Mechanics Guiding Playstyle


Earlier, I discussed how certain roleplaying systems exemplified certain gaming orientations. To an extent, this is a very peculiar notion. More specifically, it’s a very basic shorthand. After all, mechanics can never force your actions. But the way mechanics are set up can really impact the way the players think about the game.

For example, D&D is very much a system that’s focused on simulation (a lot of very specific rules, even rules about social interaction – the famous sense motive/bluff checks – to make sure that every action is governed by a player’s stats) and gaming (it’s all about getting bigger and better weapons, abilities, spells, and killing bigger and better enemies). Is it impossible to run a narrative game in D&D? Of course not! Players can obviously do whatever they want, and narrative oriented players are still going to narrate. But as far as what the mechanics support? Well, D&D doesn’t really support narrative in a lot of ways.

Take D&D combat, which can be long and repetitive, and consist of a lot of “I swing my sword at the goblin”. This isn’t a result of bad player narration, but rather a simple result of D&D combat, which is often very long. When you repeat an action again and again, there are only so many clear ways to narrate it. You know that point in any LotR fighting scene where you start to think ‘how many orcs can they stab?’ That’s the point at which the troll comes in, or Frodo gets injured, or Gimli and Legolas joke about their kill totals. The point is, combat shouldn’t last for a long time (if you’re concerned with narration) because it inherently repeats and grows stale.

This is why a system like Dogs in the Vineyard, for example, lends itself to narrative. Without going too far into the mechanics, I will say that there are 4 stages of conflict: verbal, physical, violent, and murderous/gunfighting. This naturally sets Dogs up to have very strong narrative. Why? Because no given phase will last very long before the players run out of dice. This means that for a conflict to run long, it HAS to be escalated to another of level of conflict – that is, variety is inherently tied into length – which prevents long, repetitive conflicts.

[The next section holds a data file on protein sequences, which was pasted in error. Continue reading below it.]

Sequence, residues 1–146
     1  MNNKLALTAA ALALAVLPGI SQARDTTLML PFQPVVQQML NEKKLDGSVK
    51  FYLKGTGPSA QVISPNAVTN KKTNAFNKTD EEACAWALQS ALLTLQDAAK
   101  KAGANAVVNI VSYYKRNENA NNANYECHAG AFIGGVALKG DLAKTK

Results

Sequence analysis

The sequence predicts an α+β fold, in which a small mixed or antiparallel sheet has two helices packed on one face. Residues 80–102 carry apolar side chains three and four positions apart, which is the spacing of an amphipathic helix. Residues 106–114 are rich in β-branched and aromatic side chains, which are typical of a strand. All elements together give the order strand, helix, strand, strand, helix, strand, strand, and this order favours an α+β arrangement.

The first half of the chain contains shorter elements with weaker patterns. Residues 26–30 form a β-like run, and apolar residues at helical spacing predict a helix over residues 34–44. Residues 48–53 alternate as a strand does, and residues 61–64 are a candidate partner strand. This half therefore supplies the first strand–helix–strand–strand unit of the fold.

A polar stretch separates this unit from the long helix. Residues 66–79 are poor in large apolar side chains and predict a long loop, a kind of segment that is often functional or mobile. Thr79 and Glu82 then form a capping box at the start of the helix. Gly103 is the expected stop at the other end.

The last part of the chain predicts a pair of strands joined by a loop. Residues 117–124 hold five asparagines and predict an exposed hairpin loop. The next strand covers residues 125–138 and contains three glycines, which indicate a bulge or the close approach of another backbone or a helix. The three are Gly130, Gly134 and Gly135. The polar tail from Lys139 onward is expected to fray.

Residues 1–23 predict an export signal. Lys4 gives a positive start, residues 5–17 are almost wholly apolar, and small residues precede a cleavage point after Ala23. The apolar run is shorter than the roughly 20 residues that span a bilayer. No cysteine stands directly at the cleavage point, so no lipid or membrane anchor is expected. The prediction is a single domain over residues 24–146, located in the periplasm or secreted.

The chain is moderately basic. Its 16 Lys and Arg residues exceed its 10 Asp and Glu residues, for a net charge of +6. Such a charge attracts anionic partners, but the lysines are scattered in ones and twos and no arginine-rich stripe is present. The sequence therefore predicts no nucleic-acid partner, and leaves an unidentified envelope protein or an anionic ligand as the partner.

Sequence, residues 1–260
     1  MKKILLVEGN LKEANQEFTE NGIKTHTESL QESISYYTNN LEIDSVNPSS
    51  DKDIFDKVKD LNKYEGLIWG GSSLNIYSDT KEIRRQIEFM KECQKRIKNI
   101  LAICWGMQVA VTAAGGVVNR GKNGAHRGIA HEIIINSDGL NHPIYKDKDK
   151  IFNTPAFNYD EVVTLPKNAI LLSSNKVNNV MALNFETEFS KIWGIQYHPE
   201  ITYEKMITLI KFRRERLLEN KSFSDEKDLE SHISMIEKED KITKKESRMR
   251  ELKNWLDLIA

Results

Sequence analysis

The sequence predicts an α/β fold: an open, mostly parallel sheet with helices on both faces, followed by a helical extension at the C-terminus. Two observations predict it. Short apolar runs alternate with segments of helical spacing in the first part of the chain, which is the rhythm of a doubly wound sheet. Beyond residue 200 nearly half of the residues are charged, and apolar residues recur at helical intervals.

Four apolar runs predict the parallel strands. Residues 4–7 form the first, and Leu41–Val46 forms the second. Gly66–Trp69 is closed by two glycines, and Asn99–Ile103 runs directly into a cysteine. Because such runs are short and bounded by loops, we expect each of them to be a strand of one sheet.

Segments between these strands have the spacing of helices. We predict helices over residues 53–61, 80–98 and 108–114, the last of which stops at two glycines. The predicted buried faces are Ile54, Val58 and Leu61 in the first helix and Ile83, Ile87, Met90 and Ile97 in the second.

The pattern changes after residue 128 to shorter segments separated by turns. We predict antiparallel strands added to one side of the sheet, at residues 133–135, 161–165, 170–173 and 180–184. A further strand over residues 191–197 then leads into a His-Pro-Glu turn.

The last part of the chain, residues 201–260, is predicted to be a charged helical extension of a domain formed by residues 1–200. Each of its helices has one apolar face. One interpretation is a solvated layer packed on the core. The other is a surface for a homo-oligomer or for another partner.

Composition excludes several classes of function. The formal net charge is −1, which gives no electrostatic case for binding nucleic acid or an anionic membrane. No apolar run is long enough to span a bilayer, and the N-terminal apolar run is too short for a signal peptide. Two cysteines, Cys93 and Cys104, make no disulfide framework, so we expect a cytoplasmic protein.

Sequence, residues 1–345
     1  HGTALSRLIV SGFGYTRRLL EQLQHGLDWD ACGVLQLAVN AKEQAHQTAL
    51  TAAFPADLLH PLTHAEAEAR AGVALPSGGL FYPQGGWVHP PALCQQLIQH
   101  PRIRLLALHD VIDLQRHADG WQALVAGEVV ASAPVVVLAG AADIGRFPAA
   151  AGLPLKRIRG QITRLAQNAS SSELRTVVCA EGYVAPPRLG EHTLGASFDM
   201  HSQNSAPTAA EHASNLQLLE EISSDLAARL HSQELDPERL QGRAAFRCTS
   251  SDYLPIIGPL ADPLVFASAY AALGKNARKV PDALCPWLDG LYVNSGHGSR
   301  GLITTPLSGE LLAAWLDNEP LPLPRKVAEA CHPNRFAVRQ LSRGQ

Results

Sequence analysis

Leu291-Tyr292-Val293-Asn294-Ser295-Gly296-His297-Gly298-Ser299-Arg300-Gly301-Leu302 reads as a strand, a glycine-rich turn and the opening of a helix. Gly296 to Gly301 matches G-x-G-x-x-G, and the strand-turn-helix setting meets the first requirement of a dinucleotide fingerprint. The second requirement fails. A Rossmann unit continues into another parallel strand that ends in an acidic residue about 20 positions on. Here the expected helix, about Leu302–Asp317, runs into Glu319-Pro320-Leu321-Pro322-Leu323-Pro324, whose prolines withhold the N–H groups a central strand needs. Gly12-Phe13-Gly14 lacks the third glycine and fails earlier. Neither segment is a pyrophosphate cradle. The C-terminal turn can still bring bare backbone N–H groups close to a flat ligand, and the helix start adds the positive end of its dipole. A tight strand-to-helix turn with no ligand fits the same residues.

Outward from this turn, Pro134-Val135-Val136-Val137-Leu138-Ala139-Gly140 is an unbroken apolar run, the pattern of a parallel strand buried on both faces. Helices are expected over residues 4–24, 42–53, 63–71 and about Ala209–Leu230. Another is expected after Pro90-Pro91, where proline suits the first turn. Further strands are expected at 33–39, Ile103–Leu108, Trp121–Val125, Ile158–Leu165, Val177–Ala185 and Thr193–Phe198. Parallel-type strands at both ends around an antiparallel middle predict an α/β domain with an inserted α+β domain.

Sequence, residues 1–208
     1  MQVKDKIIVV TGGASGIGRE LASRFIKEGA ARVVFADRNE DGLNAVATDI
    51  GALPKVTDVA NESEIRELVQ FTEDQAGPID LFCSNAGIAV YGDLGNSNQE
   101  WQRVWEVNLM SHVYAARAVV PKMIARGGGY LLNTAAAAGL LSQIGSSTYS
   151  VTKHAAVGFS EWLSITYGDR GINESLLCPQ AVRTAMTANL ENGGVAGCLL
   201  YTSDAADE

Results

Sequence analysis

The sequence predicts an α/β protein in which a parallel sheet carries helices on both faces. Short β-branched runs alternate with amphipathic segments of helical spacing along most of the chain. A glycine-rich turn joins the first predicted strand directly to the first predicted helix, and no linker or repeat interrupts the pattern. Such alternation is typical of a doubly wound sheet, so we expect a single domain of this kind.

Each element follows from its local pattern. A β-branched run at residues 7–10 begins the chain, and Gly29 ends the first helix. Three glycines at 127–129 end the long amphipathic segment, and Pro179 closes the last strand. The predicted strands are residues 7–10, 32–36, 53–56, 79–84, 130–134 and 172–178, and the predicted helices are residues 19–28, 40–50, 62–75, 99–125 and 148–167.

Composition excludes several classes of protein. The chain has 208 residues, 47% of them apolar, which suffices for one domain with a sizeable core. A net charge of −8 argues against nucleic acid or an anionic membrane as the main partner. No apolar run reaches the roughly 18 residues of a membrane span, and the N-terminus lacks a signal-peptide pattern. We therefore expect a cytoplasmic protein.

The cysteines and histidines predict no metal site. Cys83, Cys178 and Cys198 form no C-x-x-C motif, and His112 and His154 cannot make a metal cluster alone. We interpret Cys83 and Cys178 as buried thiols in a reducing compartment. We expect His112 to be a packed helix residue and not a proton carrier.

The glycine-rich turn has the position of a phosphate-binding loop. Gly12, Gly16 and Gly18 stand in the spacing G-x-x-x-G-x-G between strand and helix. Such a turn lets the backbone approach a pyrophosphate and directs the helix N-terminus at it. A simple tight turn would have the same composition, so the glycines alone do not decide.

Then there’s the way narrating actions works in Dogs vs in D&D. In D&D, you describe an action, and then the GM tells you whether you succeed or fail, based on your roll. This is very explicitly part of the mechanics, because the system recommends giving bonuses to roleplaying. But nothing’s more frustrating to a roleplayer than making an epic narration – a ridiculously solid bluff, a fantastic motivational speech, a meticulously planned shiest – and then rolling a 2.

On the other hand, in Dogs, you know what the strength of your raise is when you narrate it, and narrative-oriented players will excel at tailoring their narratives to fit an extremely high or low roll. Two of my most memorable moments in Dogs — putting forth a very strong pair of numbers for my trait ‘Hazy on the Dogma’, and rambling for 60 seconds with a very real-sounding, but most definitely fake quote from a religious text, and later putting forth a very low raise to convince a friend of mine to help me, and instead, narrating an action which I knew which intentionally antagonize him, sending the narrative in a more favorable direction – were rooted in this idea.

One might say ‘why not simply do this in D&D, rolling then narrating?’ The short answer is that nothing stops you. But the system doesn’t focus on those aspects of the game. In fact, the very way D&D motivates roleplaying (system-wise) is by offering bonuses for roleplaying: narrate well and get a + 2 bonus to your bluff check! These sorts of things make very clear what D&D is a system for. Narrating, instead of being an inherent good, is something you do to get bonuses. This is obviously an over-characterization; the authors of the D&D books must think narrating is a good thing or they wouldn’t be incentivizing it. But D&D’s system doesn’t teach you to narrate, it teaches you to seek bonuses.

That is not to say that D&D somehow makes narrating impossible. But it doesn’t necessarily make it rewarding/teach it as a skill, whereas Dogs all but hands it out on a silver platter.


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